How I came to terms with who I am
“You need to do the DISC Assessment.” came the request from my husband’s boss last week. So I asked him about it today. He hadn’t done it yet, so during a long drive to an appointment, I decided I would do it. Just for fun. I pulled up the website. I mean its endorsed by Tony Robbins so how bad could it be?!?
I really enjoy doing those personality test. One can learn so much about themselves. Things like realizing my personality based on my color choices, or what type of dog we should get. How many kids we will have by the time we are 35, my favorite flavor of ice-cream, and what animal I most resemble with my love life (I got a zebra in case you were wondering; they’re loyal and kind…so I was ok with that.)
Sometimes those facebook personality quizzes can be fun and a neat way to kill some boredom. But the DISC assessment was different. I hadn’t quite done anything like that before.
For this test, there were no right or wrong answers.
I mean, sometimes the rules say that, and you can quickly see that they lied to you. Questions like are you late to work and messy in your habits?!?!? (note: I am NEVER late!) There’s no way in a million years that I’m going to admit that to my future employer.
This assessment used a list of 4–6 things that you arranged in order of what you most liked versus what you didn’t. They were all really good things! For example, one question had you make a job choice of 6 different occupations assuming the pay was equal. Choosing between lawyer, artist, volunteer coordinator, business executive, and law enforcement…Ok, I can do this.
There were also questions that described your personality. No rude or obviously bad answers. Choices such as quiet, outgoing, considerate, and friendly. Again, I felt as if I could honestly choose what traits were more like me, and put them in order.
Fifteen minutes later, I was presented with myself.
My personality was summed up in a 54-page article with my strengths, weaknesses, and ways to improve…I was frankly impressed.
If a quick personality test could show me who I really was in fifteen minutes, then why do I wear masks in life? I mean, why do I try to make myself look better to everyone else. I know who I am, why am I hiding this behind three different masks?
Masks of motherhood
- Wishing my children are always in brand name & popular clothes
- Always having obedient children in public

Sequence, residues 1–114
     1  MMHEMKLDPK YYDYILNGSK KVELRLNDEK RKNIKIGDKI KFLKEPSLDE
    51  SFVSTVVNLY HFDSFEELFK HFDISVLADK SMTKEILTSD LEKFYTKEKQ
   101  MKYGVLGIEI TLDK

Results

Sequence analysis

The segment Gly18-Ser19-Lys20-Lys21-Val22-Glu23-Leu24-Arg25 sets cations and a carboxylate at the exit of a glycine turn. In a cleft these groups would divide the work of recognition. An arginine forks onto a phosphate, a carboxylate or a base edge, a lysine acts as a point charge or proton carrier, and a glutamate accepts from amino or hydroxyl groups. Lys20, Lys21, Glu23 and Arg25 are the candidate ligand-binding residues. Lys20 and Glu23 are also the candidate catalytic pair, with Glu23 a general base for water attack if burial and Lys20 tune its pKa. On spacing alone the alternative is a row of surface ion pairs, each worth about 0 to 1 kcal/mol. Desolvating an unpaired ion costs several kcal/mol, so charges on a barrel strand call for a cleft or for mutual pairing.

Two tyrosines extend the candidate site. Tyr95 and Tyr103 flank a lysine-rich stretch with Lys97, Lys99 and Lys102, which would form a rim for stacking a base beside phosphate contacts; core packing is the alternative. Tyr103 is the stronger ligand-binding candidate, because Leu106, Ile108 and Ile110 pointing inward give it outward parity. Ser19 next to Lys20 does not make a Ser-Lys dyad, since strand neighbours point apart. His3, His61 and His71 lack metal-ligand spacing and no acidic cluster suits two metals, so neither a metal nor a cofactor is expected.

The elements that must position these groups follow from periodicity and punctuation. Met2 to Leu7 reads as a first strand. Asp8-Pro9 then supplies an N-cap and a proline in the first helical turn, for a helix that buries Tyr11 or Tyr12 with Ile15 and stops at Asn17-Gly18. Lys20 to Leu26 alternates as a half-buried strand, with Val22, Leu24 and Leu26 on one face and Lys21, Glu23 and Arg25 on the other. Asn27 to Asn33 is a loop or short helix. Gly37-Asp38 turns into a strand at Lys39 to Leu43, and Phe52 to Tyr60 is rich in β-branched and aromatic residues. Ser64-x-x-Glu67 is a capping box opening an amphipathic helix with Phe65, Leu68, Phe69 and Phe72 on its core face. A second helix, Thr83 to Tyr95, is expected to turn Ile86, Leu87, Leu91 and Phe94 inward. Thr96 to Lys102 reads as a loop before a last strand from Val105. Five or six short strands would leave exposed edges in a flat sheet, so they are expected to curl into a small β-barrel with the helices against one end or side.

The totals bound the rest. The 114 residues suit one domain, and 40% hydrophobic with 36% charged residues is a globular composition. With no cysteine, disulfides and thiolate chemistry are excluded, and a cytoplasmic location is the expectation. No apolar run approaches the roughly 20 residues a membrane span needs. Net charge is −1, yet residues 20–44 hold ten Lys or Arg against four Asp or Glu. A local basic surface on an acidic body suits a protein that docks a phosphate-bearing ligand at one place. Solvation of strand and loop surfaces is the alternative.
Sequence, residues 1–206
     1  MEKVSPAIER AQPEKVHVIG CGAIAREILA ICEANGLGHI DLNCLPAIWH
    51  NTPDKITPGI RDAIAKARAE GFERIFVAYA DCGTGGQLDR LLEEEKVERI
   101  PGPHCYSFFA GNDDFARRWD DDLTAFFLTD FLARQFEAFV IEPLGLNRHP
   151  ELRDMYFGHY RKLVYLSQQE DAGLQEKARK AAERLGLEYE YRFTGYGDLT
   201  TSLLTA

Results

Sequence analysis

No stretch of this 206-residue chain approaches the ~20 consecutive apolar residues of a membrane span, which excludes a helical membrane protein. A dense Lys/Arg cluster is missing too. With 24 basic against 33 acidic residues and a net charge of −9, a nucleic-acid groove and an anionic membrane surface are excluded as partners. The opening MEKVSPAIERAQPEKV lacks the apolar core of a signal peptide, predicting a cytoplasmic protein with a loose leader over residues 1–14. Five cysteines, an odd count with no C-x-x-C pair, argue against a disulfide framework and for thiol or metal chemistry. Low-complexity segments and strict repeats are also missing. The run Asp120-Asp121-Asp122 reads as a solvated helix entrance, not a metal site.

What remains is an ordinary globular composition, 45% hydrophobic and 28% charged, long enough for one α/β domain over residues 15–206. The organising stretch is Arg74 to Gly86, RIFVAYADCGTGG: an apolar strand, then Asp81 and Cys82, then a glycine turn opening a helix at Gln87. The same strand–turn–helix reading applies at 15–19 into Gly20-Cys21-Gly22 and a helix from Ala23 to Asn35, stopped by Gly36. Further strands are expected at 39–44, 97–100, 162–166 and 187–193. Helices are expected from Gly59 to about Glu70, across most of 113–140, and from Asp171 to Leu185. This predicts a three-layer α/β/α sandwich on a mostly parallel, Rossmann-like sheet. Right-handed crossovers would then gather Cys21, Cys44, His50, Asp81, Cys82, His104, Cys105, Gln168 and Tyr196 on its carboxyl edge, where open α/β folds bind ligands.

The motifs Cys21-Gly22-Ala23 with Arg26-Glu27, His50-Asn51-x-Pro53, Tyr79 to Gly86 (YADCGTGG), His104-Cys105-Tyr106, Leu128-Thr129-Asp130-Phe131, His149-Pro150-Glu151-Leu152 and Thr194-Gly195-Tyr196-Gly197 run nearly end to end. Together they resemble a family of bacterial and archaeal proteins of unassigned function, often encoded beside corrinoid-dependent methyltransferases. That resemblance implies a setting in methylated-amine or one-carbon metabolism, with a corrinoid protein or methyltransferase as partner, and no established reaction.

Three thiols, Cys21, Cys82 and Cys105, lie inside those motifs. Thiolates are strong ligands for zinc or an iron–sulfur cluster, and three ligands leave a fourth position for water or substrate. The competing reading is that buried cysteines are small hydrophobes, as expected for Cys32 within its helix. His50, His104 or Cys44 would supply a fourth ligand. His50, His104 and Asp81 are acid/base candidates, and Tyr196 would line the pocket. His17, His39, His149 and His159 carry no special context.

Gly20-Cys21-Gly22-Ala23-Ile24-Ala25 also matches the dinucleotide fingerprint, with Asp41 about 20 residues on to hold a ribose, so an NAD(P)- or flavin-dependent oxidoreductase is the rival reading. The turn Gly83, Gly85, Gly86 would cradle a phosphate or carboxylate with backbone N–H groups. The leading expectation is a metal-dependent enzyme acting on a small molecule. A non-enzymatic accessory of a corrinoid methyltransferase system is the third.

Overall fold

- Hoping my children use their manners and never fight…and they will be quiet, respectful, and willing to share
- The perfect mother
Masks of being a wife
- Serving homemade, made-from-scratch meals at a perfect dining table
- Always trying to impress my husband to “buy” his love
- Trying to redecorate my home just like Joanna Gaines’ shows on HGTV
- The perfect wife
Masks of Life
- Being quiet and not speaking up
- Allowing my opinion and preferences to be overruled…time after time
- Saying yes, when you should say no
- Taking constructive criticism too personally
- The perfect person
In the lists above, they are not all bad. Neither are they all good. Having a clean home and obedient children are really nice; I don’t know anyone who wouldn’t want that.
Insisting that my children do this every time that we are out in the public, is just a mask. Children misbehave. They argue. They don’t share, whine about rules, and pick their nose. (Please don’t faint in horror, but it’s true!)
As a mother, I need to remember that parenting is a process. 18 years long is the minimum timeline. Some lessons are taught quickly, and others take a long time with gentle reminders, consistency, and discipline (on Momma’s part and the child). I am super proud of those moments when my children are obedient in public, but I still love them when they’re fighting, arguing or even forgot to do their homework.
After almost 15 years, one would think I would have the ‘perfect wife’ complex figured out. I don’t. I wish I could impress others with my home with its beautiful exterior and interior. I try, but it’s not something I excel at. Choosing to love my husband in the best way possible means that I’m cleaning the toilets when I rather be on Facebook or playing Candy Crush.
I may never have a home like is showed on television, but I can keep the bathroom cleans, and *encourage* the kids to keep their kids off the living room floor (or I can ground them!!)
Who am I? I’m outgoing and shy all the same time. Bright and bubbly, kind and caring, talkative and chirpy, friendly and sweet are all words that describe me. I can create chaos, but I prefer calm. I want to appear perfect, but I rarely am.
Speaking up for my needs, going against the status quo, and standing up for my beliefs is not my normal response.
It’s true. Look at the results. I fail in that area. I’m more of the quiet mouse who wants everything to go smoothly. I don’t want to upset the status quo or be looked at in an odd way. I hate fighting against the culture or using my voice.It is always worth being ME. I don’t want to be fake. I want to be who I really am. #becauseIcare Click To Tweet
When I do this, I see myself being stuck in jail of my own making. I’m hiding. I’m running away. No one is upset. Everyone likes me.
When I stop being afraid and force myself out this shell; it’s not easy. It hurts sometimes. I feel each of those harsh looks and snarky words. I’m suddenly left out of groups that I felt once part of. I’m lonely. Sometimes it doesn’t feel worth it.
But it is.
It is always worth being ME. I don’t want to be fake. I want to be who I really am. And so with quiet and firm resilience, I repeat the words of the popular song from
“I am brave, I am bruised, I am who I’m meant to be…This is Me” The Greatest Showman
I know who I am. But who are you?